The left can raise their taxes, make them jump through regulatory hoops and turn their children into idiots. But the right can take away their positions. The left turns them into dinosaurs every twenty years, but the resurgence of the right can do that in two years. Their job, the job they take on to protect their job, isn't to keep down the left, but to keep down the right so that it doesn't embarrass them in front of the left or break apart the comfortable conservatism that they have built up.
A revolutionary right would not be conservative. It would be a revolutionary movement that is less concerned with talking about how much better things were X years ago and more concerned with forcing a return to the way things were. It would not do this in the name of conserving anything, because it recognizes that there is hardly anything left to conserve, it would do this because it is natural and good, but more so it would do it because it is the only way out of the long fall.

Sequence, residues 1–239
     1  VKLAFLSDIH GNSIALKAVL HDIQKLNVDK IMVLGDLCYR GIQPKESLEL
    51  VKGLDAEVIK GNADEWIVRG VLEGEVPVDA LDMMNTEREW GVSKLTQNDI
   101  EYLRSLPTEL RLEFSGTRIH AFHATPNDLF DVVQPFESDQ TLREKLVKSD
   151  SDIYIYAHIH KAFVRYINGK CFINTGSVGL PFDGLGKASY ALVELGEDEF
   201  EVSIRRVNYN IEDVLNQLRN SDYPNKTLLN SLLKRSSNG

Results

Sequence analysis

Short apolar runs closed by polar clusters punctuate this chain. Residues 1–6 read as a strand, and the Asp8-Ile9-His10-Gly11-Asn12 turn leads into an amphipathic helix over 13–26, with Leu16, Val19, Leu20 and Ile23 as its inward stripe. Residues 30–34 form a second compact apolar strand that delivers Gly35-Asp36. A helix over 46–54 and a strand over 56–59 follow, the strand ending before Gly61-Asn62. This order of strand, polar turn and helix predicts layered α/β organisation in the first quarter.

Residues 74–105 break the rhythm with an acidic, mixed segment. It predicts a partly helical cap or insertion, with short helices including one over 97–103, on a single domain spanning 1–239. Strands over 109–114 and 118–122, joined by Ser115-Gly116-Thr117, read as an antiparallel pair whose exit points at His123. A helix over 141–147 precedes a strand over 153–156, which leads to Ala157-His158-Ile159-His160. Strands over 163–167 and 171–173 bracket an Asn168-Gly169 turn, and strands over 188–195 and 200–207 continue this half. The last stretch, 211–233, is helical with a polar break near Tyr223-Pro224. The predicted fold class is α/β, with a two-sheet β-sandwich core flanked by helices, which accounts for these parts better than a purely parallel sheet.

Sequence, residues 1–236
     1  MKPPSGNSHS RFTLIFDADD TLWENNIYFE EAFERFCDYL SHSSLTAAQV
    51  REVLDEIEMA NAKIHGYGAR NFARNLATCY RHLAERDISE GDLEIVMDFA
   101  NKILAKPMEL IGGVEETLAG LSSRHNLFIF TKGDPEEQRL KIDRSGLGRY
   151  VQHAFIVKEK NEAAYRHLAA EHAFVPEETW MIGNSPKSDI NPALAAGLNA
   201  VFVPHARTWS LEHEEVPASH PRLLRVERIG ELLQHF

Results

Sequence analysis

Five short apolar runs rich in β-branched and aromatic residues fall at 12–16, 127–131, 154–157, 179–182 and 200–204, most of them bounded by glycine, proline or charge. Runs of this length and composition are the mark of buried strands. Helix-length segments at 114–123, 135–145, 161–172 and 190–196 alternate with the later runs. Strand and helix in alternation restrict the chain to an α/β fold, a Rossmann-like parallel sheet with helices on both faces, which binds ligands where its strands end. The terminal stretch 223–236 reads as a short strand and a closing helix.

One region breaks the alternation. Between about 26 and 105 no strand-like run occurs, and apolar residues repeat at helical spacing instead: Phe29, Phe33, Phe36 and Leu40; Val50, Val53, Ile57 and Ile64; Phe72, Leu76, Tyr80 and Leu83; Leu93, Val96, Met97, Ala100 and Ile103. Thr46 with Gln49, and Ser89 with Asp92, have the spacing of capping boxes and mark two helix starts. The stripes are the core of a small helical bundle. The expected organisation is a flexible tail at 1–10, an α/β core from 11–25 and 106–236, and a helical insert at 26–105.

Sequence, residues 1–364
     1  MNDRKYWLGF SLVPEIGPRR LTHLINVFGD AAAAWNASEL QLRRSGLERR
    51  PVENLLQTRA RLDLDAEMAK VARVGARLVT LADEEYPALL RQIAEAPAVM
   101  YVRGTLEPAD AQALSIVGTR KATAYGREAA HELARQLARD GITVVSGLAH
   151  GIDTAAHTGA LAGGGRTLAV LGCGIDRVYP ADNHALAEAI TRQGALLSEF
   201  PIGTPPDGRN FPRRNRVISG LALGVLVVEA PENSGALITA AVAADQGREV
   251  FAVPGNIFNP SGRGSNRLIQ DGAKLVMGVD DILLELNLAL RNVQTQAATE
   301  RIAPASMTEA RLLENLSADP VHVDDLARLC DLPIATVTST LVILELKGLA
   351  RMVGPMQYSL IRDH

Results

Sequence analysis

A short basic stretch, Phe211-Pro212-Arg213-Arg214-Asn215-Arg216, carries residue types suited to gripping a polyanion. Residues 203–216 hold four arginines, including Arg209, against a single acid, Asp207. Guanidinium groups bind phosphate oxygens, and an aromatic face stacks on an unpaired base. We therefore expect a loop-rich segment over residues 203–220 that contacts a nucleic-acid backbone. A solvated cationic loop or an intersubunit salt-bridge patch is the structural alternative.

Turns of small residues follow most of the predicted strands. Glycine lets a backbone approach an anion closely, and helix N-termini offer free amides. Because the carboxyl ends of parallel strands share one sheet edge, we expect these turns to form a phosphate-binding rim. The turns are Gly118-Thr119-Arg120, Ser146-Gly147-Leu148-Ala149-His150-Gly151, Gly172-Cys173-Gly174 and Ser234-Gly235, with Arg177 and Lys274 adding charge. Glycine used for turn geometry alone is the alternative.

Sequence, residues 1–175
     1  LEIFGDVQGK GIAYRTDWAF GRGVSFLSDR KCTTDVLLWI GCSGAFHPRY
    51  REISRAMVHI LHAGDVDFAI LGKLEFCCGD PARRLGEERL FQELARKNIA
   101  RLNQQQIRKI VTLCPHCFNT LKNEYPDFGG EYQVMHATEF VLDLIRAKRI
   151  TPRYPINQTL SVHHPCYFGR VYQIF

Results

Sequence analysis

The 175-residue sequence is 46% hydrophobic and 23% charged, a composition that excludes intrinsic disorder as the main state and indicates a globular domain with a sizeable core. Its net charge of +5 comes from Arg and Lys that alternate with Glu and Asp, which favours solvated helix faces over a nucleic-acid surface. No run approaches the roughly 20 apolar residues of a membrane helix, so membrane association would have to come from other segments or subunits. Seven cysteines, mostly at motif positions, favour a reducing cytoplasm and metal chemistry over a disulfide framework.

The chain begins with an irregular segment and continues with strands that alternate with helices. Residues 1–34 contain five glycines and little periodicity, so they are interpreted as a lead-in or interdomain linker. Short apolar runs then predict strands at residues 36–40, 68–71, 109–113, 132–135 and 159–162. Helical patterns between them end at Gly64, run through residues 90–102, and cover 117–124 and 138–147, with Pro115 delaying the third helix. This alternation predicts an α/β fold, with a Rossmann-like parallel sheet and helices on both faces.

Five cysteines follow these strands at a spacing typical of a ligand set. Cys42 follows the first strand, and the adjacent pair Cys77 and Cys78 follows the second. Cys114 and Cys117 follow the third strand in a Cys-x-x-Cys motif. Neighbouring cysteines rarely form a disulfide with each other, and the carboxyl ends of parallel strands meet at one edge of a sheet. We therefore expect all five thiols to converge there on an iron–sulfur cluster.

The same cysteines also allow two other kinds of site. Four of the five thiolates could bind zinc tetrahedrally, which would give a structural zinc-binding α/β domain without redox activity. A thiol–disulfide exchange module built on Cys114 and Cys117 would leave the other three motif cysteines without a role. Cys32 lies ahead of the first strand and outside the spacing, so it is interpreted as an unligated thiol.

When such movements or figures emerge, often unready for the spotlight, it is the mainstream leaders who gang up and destroy them. In liberal societies where fighting the left is a dangerous sport, an activity constrained by the image concerns imposed by media overlords and social media meme mobs, right on right violence is the one safe sport. It is where they can unleash their full range of attacks, destroying those whose crime is the courage to seek real change, rather than their idyllic urban technocracy of skyscrapers and dot coms.
When the bloody work is done, and the mainstream conservatives have their scalp, a political figure whom they can use to prove that the right is completely unready for mainstream politics and should leave the hard business of running for office to the experts, then the experts waddle out to the face the left, lose or break even, and then formulate a plan for winning by going to the left.
It's a sad state of affairs that repeats itself time and time again. The names changes, the issues change, but the battles remain the same. While the left becomes radicalized, the right becomes marginalized. Even when the moderate conservatives win, their triumph rests in managing a system and a culture that serves the left, more than it does them. And toward the end, they become what they have hated, drifting slowly into liberalism, denouncing in angry fits of rage the resurgence of the right.
Thus conservative movements and parties cannibalize themselves. The left believes that there are no enemies to the left. And so do the leaders of the right. And when they are through fighting each other, then often the left wins by default.